James’ life as a rancher in Texas is so interesting; I couldn’t resist sharing his story. James is one of the last of the living cowboys. His grandfather owned two 20,000 acre ranches in Texas. James inherited a portion of the ranches and now owns 10,000 acres called the Rust Ranch. The ranch is about ten miles off the paved road. To reach the ranch, you drive for miles on dusty, unpaved roads lined with live oaks, pinions, and mesquite.
James’ life growing up involved hard work on the farm, but there were some wonderful distractions. He learned to shoot because there was little to do otherwise on the ranch. His dad was an avid fly angler and James learned to cast a fly rod and won multiple fly casting championships. He hunted both on the ranch and off the ranch, and he competed in rodeos. The work was hard, but the rewards were many. Life on a ranch is a world apart from our lives here in North Carolina. It’s about 30 minutes to the nearest town, farther to a Walmart. From the interstate to the Rust Ranch, we forded the creek four times on the state road. There are no bridges. The fords involve running through four inches of water, but after a storm, there can be six feet of water across the road. When the water is high, you stay at home. Once on the ranch, and coming down the driveway, there are several more crossings across dry washes that become torrents after a thunderstorm, and James sometimes has to use his bulldozer to repair the road before he can leave the ranch.
James leases 5,000 acres for hunting and keeps the rest for himself. Originally, the ranch was used for cattle. Then they switched over to mohair goats. At one time, the ranch had 5,000 goats. During the shearing season, James was up at 3:00 am feeding horses. He ate breakfast and was on a horse by sunup and stayed in the saddle until dark, running and roping goats. Shearing season lasted about a month. Imagine running and roping goats from sunup to sundown for 30 consecutive days.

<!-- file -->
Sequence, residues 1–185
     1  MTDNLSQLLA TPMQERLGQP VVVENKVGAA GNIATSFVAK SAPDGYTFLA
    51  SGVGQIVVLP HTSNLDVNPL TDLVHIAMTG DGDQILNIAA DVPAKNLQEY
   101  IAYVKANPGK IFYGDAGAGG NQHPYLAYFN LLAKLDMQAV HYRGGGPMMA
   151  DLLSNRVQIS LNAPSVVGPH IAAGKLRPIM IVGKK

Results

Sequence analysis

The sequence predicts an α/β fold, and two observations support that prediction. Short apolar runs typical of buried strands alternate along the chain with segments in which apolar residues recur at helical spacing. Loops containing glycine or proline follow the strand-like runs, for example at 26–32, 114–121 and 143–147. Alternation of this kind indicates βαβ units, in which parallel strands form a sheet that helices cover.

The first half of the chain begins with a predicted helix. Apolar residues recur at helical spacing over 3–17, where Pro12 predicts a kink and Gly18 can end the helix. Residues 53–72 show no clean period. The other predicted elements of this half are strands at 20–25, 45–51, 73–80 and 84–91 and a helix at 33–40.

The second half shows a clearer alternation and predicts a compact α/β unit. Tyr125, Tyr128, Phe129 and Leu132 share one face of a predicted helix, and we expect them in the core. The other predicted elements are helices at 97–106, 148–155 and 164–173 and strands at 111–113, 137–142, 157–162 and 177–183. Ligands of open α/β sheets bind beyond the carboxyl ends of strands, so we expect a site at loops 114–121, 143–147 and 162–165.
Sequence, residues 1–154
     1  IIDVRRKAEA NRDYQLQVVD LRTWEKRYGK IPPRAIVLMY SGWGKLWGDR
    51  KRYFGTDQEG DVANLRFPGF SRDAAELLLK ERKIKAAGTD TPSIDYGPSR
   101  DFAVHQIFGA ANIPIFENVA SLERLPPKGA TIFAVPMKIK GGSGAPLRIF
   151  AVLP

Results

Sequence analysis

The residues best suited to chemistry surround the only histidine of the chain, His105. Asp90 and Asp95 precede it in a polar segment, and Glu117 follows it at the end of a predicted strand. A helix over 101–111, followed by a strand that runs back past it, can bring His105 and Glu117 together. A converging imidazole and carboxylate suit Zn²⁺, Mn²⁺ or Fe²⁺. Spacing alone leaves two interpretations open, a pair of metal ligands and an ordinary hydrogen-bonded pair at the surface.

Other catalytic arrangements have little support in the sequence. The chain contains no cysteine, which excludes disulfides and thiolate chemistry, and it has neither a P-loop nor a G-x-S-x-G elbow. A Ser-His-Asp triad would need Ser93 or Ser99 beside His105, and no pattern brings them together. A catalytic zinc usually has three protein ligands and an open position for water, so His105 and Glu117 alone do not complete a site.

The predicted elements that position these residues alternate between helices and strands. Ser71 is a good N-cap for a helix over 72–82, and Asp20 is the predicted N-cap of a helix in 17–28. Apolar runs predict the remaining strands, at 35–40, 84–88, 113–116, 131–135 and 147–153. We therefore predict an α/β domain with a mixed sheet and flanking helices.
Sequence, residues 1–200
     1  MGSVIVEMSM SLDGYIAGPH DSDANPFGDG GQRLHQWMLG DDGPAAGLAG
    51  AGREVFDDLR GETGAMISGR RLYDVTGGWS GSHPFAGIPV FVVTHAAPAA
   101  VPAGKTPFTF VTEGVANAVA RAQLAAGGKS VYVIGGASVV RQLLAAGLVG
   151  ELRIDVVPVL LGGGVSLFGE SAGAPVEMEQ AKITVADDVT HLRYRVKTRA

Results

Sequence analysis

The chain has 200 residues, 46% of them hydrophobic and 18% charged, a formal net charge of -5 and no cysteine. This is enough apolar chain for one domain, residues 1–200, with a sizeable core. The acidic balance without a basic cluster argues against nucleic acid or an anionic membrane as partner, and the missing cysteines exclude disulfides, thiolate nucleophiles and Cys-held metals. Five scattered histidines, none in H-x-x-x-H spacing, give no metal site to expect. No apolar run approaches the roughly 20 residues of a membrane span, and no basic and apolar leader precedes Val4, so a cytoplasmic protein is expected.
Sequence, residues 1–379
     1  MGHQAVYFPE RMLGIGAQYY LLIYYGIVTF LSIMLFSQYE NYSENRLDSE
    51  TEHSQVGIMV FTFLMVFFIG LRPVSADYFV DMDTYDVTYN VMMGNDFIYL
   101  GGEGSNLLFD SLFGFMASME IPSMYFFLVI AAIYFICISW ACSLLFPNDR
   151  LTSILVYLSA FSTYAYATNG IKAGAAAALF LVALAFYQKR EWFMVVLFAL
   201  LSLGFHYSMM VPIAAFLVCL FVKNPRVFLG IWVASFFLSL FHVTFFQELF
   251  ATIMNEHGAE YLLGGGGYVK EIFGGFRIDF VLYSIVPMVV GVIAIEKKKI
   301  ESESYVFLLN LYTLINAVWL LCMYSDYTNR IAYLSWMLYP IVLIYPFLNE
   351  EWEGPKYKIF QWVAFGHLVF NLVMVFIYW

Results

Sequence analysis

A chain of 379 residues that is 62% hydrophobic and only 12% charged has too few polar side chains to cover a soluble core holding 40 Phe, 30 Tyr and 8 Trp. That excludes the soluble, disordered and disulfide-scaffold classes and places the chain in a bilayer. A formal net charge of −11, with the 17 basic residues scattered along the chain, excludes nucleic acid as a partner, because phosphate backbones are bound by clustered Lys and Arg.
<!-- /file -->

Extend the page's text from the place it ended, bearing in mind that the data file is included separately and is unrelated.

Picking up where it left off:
In the 90s the Clinton administration changed laws that pulled the rug out of the mohair business, and James went through some serious health problems that resulted in an eventual liver transplant. In order to have some income, he began leasing half the acreage and now only keeps three horses instead of the 30 it took to keep the ranch running when they were running goats. Now, he rides the hills and draws to maintain the feeders and blinds in a diesel pickup or a Polaris Ranger. It’s a wonderful life, but a hard life. It’s an outdoor life the way people once lived their lives. James still loves hunting, fishing, and shooting, though his health issues now keep him closer to home. He’s generous, fun to be around, and one of the most hospitable people I’ve ever met.
After our hunts, James and I sat on the porch of the bunkhouse and talked about guns for hours. As a boy, I idolized cowboys and the lives they led, and now a real cowboy is my friend. It’s true, I have a great job and I’m truly blessed, but the best part is the friends I make. I don’t know whether spending time outdoors makes us friendlier or maybe the outdoors just attracts that kind of people, but the biggest blessing in what I do is the people I get to know, and James Keeton is one of the nicest and a true outdoorsman and real American.
Dick Jones is an award winning freelance writer living in High Point. He writes about hunting, fishing, dogs, and shooting for national magazines and websites. He recently finished his first book, Off the Porch. If you’d like to have him speak to your group, or would like a copy of his book, he can be reached at firstname.lastname@example.org or offtheporchmedia.com